On April 30, 2007, the US Supreme Court issued its unanimous decision in KSR International Co. v. Teleflex Inc. In it, the Supreme Court reversed the decision of the Court of Appeals for the Federal Circuit and restored the decision of the District Court, which had rejected a claim of patent infringement. The Supreme Court held that the allegedly infringed patent was invalid on the grounds that it was obvious in light of prior art.
McCarthy Tétrault Notes:
Section 103 of the US Patent Act prohibits the issuance of a patent where "the differences between the subject matter sought to be patented and the prior art are such that the subject matter as a whole would have been obvious at the time the invention was made to a person having ordinary skill in the art."
The framework for applying section 103 was set out by the Supreme Court in Graham v. John Deere Co. of Kansas City. To paraphrase the test from that case, the differences between the prior art and claims at issue, along with the level of ordinary skill in the pertinent art, must first be resolved. Against this background, the obviousness of the subject matter is determined. To illuminate the origin of the subject matter sought to be patented, secondary considerations may include commercial success, long-felt (but unsolved) needs and failure of others.
Additionally, the Court of Appeals has adopted a test called the ‘teaching, suggestion or motivation’ (TSM) test in an attempt to impose more consistency with respect to the application of the test for obviousness. In the TSM test, a patent claim would only be found obvious where the prior art, the problem’s nature or the knowledge of a person having ordinary skill in the art reveals some motivation to combine the prior art teachings.
In this case, the claim at issue described a mechanism for combining an electronic sensor with an adjustable automobile pedal. At issue was whether affixing this electronic sensor to a fixed point was obvious, given that the device was known in the art to have adjustable automobile pedals with fixed pivot points, and to use electronic sensors with automobile pedals to control acceleration of an automobile. The Supreme Court agreed with KSR that mounting the sensor on a fixed pivot point was a design step well within the grasp of a person skilled in the relevant art. The District Court found that the patent was obvious, but the Court of Appeals overturned this decision, applying the TSM test and concluding that the patent was not obvious.
In the KSR decision, the Supreme Court overturned the Court of Appeals, soundly criticizing the Court of Appeals’ "narrow conception of the obviousness inquiry reflected in its application of the TSM test." As explained in a memo from the Deputy Commissioner for Patent Operations to the Technology Center Directors of the United States Patent and Trademark Office, the Supreme Court did not completely reject the TSM test, but did reject a strict application of the TSM test that would require, for a finding of obviousness, that the prior art show some teaching, suggestion or motivation that would lead one skilled in the art to combine the prior art references.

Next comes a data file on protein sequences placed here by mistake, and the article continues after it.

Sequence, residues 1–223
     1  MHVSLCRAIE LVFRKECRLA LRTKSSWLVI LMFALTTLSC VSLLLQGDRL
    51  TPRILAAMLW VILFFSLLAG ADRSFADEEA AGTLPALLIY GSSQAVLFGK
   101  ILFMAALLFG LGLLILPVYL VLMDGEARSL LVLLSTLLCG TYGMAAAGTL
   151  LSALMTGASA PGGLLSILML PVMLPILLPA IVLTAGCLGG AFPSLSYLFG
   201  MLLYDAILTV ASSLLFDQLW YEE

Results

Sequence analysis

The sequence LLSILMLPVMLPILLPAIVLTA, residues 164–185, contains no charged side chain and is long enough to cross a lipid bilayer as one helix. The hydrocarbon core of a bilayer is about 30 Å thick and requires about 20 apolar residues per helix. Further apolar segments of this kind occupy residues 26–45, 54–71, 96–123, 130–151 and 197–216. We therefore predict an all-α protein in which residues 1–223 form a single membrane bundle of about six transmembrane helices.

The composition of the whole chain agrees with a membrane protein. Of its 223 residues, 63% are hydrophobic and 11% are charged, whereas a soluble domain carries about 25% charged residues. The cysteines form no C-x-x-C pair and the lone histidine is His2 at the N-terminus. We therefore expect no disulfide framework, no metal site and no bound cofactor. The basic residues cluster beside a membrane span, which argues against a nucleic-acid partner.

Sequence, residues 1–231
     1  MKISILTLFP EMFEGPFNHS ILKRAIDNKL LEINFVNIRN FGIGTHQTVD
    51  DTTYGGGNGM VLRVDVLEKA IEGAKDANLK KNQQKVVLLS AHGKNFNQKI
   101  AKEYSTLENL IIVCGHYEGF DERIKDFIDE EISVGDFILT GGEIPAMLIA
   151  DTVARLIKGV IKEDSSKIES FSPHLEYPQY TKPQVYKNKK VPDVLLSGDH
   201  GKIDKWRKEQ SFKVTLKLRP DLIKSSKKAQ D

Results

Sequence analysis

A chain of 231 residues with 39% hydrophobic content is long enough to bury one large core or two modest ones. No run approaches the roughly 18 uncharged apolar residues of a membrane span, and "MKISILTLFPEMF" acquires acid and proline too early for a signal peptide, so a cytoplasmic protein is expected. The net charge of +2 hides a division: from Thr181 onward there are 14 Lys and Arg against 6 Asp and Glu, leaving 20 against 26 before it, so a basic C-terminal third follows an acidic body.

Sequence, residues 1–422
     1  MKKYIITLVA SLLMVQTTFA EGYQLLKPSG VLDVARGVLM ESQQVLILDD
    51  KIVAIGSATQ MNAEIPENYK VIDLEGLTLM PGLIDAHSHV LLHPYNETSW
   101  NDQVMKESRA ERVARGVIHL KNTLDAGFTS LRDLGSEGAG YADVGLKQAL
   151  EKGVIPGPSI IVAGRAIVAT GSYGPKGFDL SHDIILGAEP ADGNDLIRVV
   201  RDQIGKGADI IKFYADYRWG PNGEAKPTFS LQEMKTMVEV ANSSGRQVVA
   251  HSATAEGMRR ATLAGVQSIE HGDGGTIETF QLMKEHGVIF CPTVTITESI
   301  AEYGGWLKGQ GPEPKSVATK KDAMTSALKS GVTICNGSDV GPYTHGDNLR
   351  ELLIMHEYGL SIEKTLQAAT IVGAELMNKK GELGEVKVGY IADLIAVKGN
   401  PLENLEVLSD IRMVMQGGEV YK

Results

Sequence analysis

The Supreme Court explained that "the obviousness analysis cannot be confined by a formalistic conception of the words teaching, suggestion, and motivation, or by overemphasis on the importance of published articles and the explicit content of issued patents." Pursuant to KSR, an analysis of prior art need not involve seeking out "precise teachings directed to the specific subject matter of the challenged claim, for a court can take account of the inferences and creative steps that a person of ordinary skill in the art would employ." Moreover, if patents are granted with respect to advances that would occur in the ordinary course without real innovation, this may impede progress, and may also, in the case of patents that combine previously known elements, deprive those prior inventions of their value or utility, according to the Supreme Court.
This is an important decision because the test for obviousness has become easier to satisfy. As such, it will likely result in more rejections based on obviousness issuing from the examiners at the USPTO, as well as, potentially, more issued patents being found to be invalid on grounds of obviousness.
The decision may also result in increased difficulty for patent holders in enforcing patent rights in the U.S., because alleged infringers may be able to challenge more effectively the validity of the patents that the patent holders seek to assert.
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A recent Saskatchewan Court of Queen's Bench decision allowed a court-appointed receiver to sell and transfer intellectual property rights free and clear of encumbrances, finding that a license to use improvements of an invention was a contractual interest and not a property interest.
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